DIY End Table

Do you remember when I built a coffee table to place over our living room ottoman? Well, it bothered me that our end table didn’t match our coffee table anymore. My end table had a grey/cool tone, while my coffee table was a lot warmer in color. Since I had plenty of red oak plywood left over from the coffee table project, I decided to build my own end table and use the same stain that I used for our coffee table.

My end table that did not match

I started off by ordering some table legs on Amazon. There are so many types… hairpin, pedestal, U shape, X shape, Z shape, pipe legs, trapezoid, peg legs, the list goes on. I ended up getting these black metal U shape legs.

Next, I measured and marked my red oak plywood for a 18.5″ x 18.5″ tabletop. Because of the layout of our living room, I didn’t want a big end table that may get in the way. I also wanted the tabletop to be appropriate to the size of the table legs.

“Measure twice, cut once!”

I then cut the plywood with my miter saw. As I mentioned in my coffee table post, it’s best to cut red oak with a blade that has many small/shallow teeth due to red oak’s tendency to splinter. I also learned from the coffee table project that red oak splinters on the top surface of the wood where the blade cuts into the wood. With that said, here’s what I learned (from experience) …

  1. Because red oak splinters from the top surface where the blade inserts the wood, make sure you cut from the same surface. My miter saw only cuts up to 12″ wide, and since I wanted my table to be about 18″ side, I had to cut one side (up to 12″), and turn my plywood around to cut the remaining 6″. I recommend turning or rotating your plywood rather than flipping it for the second cut. If you flip the plywood over, you end up splintering both sides of the tabletop. I actually think it would be best to cut large pieces of plywood with a table saw or circular saw with a router jig so you are able to cut the plywood in one continuous cut. Because I cut the tabletop from the same surface, my wood didn’t have many splinters and didn’t really require wood filler.
  2. Sometimes, there is a good and a bad side of plywood. One side my be a little smoother than the other, have a more appealing grain pattern, or have stamps or markings. Keep that in mind when you are choosing the specific surfaces to have as the top and bottom of your table.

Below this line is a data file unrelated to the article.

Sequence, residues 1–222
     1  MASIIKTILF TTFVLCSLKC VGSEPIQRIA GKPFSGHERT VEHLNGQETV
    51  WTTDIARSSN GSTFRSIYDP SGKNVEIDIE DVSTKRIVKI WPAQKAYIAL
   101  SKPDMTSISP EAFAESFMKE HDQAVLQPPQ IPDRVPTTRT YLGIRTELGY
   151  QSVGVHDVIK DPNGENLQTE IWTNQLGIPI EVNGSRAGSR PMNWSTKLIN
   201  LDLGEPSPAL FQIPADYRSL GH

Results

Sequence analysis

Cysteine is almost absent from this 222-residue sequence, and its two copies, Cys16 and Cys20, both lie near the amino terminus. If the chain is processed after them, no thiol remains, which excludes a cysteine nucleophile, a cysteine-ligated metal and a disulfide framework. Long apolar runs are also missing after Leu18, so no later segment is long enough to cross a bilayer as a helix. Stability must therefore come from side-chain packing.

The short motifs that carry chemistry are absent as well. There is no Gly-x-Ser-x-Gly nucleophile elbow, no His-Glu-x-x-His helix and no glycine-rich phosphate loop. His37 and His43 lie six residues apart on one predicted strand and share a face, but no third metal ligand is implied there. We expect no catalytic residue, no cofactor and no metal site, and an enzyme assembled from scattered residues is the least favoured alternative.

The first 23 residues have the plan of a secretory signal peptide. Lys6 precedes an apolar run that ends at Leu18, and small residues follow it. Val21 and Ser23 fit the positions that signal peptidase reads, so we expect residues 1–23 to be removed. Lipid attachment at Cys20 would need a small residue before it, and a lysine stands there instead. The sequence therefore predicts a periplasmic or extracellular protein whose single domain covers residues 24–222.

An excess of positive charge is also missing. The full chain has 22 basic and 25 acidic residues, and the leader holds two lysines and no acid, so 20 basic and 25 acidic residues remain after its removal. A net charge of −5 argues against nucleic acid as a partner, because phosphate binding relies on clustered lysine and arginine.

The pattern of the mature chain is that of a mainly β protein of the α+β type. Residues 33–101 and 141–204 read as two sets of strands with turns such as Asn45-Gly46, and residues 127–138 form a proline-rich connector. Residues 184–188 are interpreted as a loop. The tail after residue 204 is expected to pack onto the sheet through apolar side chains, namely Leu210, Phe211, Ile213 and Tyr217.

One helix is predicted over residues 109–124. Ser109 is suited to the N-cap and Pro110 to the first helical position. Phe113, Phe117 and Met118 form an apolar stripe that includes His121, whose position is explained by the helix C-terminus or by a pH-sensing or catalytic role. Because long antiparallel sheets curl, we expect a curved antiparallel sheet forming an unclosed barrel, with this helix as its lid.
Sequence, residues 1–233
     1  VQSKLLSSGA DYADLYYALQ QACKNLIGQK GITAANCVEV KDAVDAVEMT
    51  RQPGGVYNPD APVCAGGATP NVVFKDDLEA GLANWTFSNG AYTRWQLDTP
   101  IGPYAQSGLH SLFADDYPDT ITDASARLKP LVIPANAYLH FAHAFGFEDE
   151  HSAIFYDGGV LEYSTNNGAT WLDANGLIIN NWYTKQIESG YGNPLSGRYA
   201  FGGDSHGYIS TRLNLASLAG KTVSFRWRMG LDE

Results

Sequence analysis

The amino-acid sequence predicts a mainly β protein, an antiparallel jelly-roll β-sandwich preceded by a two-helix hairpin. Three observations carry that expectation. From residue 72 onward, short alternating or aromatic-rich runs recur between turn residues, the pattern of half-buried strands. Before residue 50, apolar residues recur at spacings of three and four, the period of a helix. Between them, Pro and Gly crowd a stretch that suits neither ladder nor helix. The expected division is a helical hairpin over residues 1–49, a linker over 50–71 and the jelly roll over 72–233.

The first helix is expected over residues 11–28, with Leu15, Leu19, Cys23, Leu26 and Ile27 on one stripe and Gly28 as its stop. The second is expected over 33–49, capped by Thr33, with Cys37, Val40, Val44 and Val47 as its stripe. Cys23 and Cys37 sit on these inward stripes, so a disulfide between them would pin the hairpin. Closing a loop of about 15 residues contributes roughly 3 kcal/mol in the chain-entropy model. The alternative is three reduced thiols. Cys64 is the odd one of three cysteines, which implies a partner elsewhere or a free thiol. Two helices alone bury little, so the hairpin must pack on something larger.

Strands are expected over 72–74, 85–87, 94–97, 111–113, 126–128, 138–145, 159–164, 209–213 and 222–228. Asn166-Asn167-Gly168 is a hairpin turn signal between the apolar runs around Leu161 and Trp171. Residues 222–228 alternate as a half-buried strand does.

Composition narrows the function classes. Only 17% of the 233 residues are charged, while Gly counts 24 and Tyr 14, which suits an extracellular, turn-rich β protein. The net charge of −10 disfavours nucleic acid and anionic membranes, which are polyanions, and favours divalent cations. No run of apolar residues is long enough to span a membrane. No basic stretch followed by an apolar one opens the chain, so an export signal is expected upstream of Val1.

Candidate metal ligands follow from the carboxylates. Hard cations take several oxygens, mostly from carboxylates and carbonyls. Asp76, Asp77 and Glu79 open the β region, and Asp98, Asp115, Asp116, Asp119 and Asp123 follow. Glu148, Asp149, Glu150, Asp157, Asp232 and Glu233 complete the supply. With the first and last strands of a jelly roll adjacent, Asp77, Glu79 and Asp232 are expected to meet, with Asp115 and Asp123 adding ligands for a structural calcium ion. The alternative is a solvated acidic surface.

Oak splinters easily. Make sure you cut from the “bottom” surface of your tabletop.

Once I had my tabletop cut to my desired size, I sanded my plywood with 120 grit to even out the surface and 220 grit to smooth it out.

I used 120 and 220 grit

Then, I ironed on some edge banding, which is a thin piece of wood with a heat-activated adhesive on the back. This helps conceal the layers of plywood for a more finished look. I purchased my red oak edge banding from Amazon.

This is so easy to apply!
Plywood layers vs edge banding

Next, I applied wood conditioner to my tabletop. This helps the wood absorb the stain evenly. After about 10 minutes, I applied a layer of Varathane Espresso wood stain.

Side note: It JUST came to my attention that “Espresso” is spelled with an S!! For some reason, I always thought it was spelled “Expresso.” Please tell me I’m not the only one…

I know… I spilled a little.
Varathane Espresso
Natural red oak
Red oak with wood conditioner
Red oak with wood conditioner and Espresso stain

I wanted to see if wood conditioner alters the color of a stain so I did a little experiment… and YES, it does! The wood conditioner lightens the stain a little and adds a warm tint. Although you may like the color of the stain without wood conditioner, I still highly recommend using wood conditioner prior to staining, especially for soft wood like pine. Luckily, oak is considered a hard wood and stains pretty evenly with or without wood conditioner; however, when applying the stain, I could feel that the stain went on a lot more easily and smoothly with the wood conditioner.

LEFT: wood conditioner, RIGHT: no wood conditioner

I measured where I wanted to attach my table legs, drilled pilot holes, and secured the table legs to the tabletop.

Lastly, I added a layer of polyurethane to seal/protect the wood. A paint roller works best for this step, but I ran out of rollers and had to use a brush instead. This product will appear white and opaque but will dry clear. I let it try for several hours before placing items on the table.

Polyurethane looks white/opaque
Polyurethane dries clear

And that’s it! Now I have an end table that matches my custom/DIY coffee table!

It’s so cute!
The coffee table and end table finally match!
The C-table in the left corner doesn’t match now…
I love styling tables with books and greenery
I’m loving the U shape legs

Although the table is a little smaller and shorter than I originally planned (taller table legs were less affordable), I love how it turned out! Unfortunately, now our C-table in the living room corner doesn’t match the coffee table and end table anymore. Next project idea? Haha…

Feel free to check out my Instagram for DIY project videos and decor inspiration!

Until next time,


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